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Honestly this process needs improving. It’s quite fine as an overall principle: it wants to make sure the PM understands product, as well as has a sense of the trifecta of design, technology and business thinking. It’s roughly based on the process Facebook has, which is nice. That’s the basics of the job, and they’re covered here.

That said, it also implies that the ownership of design is entirely on the design side, and engineering on the engineering side. That’s fine from the a decision making and accountability perspective, because it does empower experts to make their decisions. But the description of the process here is that it’s a silo. There is no expectation that the PM has coding skills, or design skills. There is no expectation of dialogue, only that they are a stakeholder that the teams will be happy to work with. Without empowering the PM (as well as the designers) to have a say on the engineering (and inversely), you’re going to end up with decisions that are made in silos. You just get a local maximum from your teams.

Similarly, none of the questions seem to be about metrics. Can the PM figure out where users will come from? How they will convert? What’s a good expectation? What are things to monitor? How would you translate those goals in a pitch for a feature? How would problems with metrics turn into items in the backlog?

The process as described paints the PM as a kind of super stakeholder, but doesn’t actually empower them with any sort of business, design or engineering weight. It could be that those items are covered in the interview, but the fact that they’re not articulated in the article does raise questions.

I would argue that a good PM doesn't need to be directly empowered, because by defining and communicating requirements clearly to stakeholder teams, the right path forward becomes self-evident. I do think you need domain knowledge to be able to fully figure out what your requirements are, how realistic certain paths are over others, but I disagree that you need to be directly empowered to overrule engineering or design decisions.

Example of a bad pm who needs to directly invoke their power to make decisions: "This portion of the page is loading too slowly. Cache the thumbnails and make the autoscaling for its microservice more sensitive to fluctuations. I'll talk to the design team and have them lower the resolution of the images."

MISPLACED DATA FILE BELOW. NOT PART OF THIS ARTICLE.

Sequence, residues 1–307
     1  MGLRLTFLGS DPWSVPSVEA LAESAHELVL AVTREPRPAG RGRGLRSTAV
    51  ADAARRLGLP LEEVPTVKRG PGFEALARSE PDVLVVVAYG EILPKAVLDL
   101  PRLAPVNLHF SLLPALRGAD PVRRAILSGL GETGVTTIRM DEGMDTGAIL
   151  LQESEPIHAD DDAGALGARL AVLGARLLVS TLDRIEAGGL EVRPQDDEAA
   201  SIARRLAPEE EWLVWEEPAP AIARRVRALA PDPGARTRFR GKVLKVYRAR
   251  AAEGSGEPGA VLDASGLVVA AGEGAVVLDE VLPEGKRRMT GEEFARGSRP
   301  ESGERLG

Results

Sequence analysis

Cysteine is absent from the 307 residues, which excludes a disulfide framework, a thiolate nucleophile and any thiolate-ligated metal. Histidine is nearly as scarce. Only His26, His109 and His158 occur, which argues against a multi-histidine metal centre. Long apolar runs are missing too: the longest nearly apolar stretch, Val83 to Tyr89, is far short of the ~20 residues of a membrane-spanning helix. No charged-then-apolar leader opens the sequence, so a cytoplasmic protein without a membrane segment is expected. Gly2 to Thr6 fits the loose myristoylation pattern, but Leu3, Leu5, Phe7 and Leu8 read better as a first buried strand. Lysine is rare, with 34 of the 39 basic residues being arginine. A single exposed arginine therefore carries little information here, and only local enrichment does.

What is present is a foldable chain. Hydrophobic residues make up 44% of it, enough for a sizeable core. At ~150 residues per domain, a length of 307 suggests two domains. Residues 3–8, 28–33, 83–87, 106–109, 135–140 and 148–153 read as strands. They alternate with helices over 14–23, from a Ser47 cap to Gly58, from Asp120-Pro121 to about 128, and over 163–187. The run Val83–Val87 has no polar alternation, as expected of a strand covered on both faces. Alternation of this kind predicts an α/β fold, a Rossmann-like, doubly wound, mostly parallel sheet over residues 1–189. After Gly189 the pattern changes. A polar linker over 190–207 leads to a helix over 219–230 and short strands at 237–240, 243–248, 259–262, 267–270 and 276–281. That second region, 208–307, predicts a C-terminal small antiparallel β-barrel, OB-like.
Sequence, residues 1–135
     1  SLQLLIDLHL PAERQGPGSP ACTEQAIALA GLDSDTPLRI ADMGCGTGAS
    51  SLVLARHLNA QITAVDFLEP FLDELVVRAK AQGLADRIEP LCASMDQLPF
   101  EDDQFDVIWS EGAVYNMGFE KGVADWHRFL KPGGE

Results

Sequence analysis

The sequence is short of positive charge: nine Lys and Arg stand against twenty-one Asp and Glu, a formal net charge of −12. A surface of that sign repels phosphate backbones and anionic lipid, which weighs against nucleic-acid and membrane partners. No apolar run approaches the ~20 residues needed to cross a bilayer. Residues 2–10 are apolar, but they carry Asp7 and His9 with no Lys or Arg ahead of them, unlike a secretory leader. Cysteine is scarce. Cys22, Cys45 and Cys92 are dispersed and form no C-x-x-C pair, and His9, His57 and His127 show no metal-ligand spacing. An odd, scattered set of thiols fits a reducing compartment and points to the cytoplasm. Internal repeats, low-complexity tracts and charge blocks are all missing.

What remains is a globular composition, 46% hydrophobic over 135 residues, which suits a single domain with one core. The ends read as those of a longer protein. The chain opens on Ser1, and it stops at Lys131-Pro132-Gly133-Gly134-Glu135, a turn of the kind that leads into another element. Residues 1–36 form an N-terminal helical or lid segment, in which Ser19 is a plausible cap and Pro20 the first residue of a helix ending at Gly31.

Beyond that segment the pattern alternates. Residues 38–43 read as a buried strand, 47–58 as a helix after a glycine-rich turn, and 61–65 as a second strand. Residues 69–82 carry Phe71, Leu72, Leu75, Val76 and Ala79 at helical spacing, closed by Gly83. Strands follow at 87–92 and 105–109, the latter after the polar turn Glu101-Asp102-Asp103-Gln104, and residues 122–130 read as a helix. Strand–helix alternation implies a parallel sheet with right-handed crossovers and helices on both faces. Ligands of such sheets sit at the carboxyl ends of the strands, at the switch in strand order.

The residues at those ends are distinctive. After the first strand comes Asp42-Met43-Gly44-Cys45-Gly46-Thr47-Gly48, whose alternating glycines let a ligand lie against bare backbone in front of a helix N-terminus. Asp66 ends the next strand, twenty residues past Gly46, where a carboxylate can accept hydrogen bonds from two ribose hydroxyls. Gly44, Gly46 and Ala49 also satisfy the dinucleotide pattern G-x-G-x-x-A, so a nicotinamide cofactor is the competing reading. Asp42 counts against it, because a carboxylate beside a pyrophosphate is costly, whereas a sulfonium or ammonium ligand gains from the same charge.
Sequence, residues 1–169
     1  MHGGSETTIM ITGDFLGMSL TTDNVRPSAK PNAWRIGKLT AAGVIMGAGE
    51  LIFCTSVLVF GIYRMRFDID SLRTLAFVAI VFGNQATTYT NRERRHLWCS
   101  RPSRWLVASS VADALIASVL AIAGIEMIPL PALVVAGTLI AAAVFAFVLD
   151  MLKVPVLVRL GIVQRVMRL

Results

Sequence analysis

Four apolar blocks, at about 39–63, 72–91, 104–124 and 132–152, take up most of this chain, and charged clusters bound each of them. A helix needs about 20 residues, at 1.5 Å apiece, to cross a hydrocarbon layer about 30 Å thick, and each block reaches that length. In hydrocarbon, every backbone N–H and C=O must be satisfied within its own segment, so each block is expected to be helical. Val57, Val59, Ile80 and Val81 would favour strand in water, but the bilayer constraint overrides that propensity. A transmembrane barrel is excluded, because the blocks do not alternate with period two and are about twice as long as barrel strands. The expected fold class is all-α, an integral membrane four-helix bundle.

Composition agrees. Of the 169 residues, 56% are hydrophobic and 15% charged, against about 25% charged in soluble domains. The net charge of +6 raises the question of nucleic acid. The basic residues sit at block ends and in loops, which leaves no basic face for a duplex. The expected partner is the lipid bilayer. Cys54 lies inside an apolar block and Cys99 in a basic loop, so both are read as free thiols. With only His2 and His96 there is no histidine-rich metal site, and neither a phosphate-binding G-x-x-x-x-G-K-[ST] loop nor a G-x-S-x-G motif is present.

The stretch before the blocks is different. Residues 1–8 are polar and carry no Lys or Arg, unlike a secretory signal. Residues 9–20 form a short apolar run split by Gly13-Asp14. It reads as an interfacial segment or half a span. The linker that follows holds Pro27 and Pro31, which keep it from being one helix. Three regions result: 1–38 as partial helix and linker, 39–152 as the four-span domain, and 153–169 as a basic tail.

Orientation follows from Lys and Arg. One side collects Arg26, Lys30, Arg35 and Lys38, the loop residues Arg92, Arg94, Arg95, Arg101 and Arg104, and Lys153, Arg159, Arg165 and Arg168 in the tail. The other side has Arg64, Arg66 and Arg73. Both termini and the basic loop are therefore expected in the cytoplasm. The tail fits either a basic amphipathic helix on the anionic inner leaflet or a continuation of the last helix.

Example of a good pm who does not need to directly invoke their power to make decisions: "Page loading speed is a pretty big concern for our customers and I don't think this part of the page is loading fast enough. What options do we have to make this load faster? What specifically is preventing it from loading quickly in its current state?"

PMs do not need to figure out the "how to do", they need to figure out the "what to do" weighted by importance and feasibility. The other stakeholders are the ones that figure out how. Or at least that's the way I think it should be. Also I really agree with what you said about data driven decision making

That's the prevalent opinion about PM, and I used to adhere to it. I don't think it works in practice. Design informs technology. Business informs design. All those things affect each other to make a good product. You can't do that if teams can't just say no to each other. It's important that they can. Having a say in things doesn't mean that teams need to fight each other and undermine decision making. It means they can convey what they think would be neat, and try to think outside the box to meet each other's needs.

Think about it in practice: you want to make a good camera. The engineers say they will approach things a certain way, the designers say they will produce a certain design, the PM says ok that sounds good, here is the roadmap and the strategy for this. You end up with a product that simply doesn't push the envelope, and has no cohesion. It's basically the equivalent of silos churning through their backlog. I think it's an underwhelming, underachieving view of product development, where no one grows.

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